You were a fool but then youth is wasted on the young. Suppose I could go back. I told myself if only I knew then what I know now without considering that there are always new mistakes to be made. Perhaps that’s just my way of consoling myself over what’s impossible. And anyways, what is life without mistakes? There’s just one thing I would do differently, but it’s too late now.
The doctor put the cold metal of his gizmo to my chest, listened to my breathing. He pulled the earpiece loose and asked me about diet and exercise and when I first noticed the discomfort. He made notes, told me he’d order further tests. He said: it’s probably nothing, Frank. Just some routine tests.
At fourteen I was challenged to a fight. I wanted to avoid it but knew it was futile. So I prepared. I did push-ups and I shadow boxed, as if a few days of exercise could make a difference. I bloodied the boy’s nose and he bloodied mine too. Why were we even fighting? I don’t know. Nothing was solved on that day as far as I recall. This is what exercise is to me and I tell the doctor yes, some as well as that I hardly ever drink, which isn’t true either. I doubt he believes me but what does it matter.
I will learn exactly one week later that I am dying from something I could never have prevented, much less anticipated. And yet. All my life I’ve been cautious and for what? I ought to have burned the wick from both the top and bottom. I think about the opportunities I let slip away for fear of failure, or because the way was difficult. I am the person on whose behalf and for whose presumed benefit my previous self worried and fussed and avoided risk whenever possible. Did I really believe there would be a debt of gratitude? Well, there isn’t.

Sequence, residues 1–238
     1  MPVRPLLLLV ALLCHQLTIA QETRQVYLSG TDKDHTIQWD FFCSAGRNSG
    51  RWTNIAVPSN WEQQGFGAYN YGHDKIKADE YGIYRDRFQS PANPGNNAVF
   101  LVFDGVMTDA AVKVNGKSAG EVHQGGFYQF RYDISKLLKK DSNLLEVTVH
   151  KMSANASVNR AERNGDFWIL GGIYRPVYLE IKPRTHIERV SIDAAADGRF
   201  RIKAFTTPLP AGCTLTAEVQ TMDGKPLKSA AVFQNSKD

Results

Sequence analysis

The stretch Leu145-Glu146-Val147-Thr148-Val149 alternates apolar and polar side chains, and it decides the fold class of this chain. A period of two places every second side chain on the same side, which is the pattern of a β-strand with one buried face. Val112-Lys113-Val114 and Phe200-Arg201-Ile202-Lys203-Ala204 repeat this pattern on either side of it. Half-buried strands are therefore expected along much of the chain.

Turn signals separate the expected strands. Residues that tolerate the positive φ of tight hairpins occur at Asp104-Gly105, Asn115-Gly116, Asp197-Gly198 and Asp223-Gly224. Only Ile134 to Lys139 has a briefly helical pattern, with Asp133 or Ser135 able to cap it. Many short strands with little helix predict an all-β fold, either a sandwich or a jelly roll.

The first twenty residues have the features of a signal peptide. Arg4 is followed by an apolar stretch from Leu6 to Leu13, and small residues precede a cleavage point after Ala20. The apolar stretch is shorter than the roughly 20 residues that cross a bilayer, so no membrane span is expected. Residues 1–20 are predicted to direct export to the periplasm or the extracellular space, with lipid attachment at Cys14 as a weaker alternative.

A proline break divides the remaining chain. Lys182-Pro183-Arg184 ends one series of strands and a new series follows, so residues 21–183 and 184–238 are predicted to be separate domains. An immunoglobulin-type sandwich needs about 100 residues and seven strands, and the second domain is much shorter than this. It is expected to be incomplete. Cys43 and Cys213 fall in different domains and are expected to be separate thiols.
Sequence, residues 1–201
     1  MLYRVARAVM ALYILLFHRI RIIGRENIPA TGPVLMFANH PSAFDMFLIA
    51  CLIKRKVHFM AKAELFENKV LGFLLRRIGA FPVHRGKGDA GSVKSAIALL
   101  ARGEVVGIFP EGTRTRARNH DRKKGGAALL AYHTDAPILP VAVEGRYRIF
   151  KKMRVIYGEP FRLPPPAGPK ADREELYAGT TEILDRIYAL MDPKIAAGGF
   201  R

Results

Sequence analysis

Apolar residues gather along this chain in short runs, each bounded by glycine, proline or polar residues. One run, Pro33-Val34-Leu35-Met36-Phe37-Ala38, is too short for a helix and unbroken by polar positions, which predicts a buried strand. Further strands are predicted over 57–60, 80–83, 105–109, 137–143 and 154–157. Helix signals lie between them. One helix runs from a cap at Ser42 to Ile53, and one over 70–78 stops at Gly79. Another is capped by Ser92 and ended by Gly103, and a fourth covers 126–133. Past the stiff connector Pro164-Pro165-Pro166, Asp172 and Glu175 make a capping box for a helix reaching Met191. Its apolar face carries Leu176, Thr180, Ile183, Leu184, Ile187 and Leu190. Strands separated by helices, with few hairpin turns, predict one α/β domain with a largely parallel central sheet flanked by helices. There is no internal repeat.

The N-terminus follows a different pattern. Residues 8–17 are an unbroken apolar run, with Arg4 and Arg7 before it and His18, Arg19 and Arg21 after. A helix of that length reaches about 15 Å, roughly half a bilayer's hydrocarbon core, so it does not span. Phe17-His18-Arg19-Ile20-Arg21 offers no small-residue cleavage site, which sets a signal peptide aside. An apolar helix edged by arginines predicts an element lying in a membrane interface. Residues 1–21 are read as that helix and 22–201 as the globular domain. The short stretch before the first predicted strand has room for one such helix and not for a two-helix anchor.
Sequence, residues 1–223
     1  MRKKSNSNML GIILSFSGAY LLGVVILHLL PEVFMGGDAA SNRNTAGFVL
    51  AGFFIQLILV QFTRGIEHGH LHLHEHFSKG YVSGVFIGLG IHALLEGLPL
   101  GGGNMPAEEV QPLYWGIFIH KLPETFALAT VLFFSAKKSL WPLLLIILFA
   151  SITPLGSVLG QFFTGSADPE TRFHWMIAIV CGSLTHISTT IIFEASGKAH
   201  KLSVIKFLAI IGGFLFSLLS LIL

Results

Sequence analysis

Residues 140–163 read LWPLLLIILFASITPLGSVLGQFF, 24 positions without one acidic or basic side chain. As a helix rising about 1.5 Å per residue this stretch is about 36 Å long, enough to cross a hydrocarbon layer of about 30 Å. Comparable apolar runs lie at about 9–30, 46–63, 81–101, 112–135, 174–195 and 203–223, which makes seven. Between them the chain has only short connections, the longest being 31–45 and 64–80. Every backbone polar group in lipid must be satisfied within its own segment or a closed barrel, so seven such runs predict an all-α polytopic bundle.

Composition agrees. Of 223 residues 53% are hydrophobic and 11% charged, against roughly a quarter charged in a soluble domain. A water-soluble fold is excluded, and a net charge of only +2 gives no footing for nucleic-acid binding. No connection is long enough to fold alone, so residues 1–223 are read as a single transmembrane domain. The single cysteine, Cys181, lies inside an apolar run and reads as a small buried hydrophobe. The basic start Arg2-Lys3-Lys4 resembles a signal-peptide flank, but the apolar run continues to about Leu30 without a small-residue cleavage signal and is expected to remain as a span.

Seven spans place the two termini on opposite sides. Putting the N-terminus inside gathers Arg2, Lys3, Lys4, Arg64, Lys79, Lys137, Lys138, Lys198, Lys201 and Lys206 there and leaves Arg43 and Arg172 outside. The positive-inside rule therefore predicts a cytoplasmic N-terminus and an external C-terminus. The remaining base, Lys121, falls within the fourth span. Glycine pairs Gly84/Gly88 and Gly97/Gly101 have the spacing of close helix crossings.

If only the young understood how they are perfect. Right now, you are perfect. What you truly need in this life you have: hope, curiosity, the capacity for friendship and gratitude and love. I don’t mean romantic love, which is all well and good but less vaunted than you suppose: I speak of the damp blustery evenings where I step into the pitiless weather and find beauty. This is a choice that you are able to make. Just know that most of the things you will lose in this life you can live without. Most things are not important. Time will prove this to you. This is what the young would do well to understand.
I try to put down my thoughts but I find there is both too much and too little to say. The diurnal stream of minutiae doesn’t add up to much when you think on it. I have breakfast when I feel able, sometimes I putter. The hours pass, a tedium punctuated by the scheduled arrival of helpers. I have time now to gather my recollections and really what I wish is that there was more to be gathered, more to be said. I should have lived as if my final day were at-hand. Instead my efforts went into pushing it as far away as possible.
One has to plan for the future, obviously. Not doing so has its own hazards. But the you who plans and the you of the future are not the same. One day there’s the discovery you’ve worked at cross-purposes. You ought to have been taking more risks, enjoying life more, worrying less for the morrow. You did it all for me and today I am telling you No but it is no use.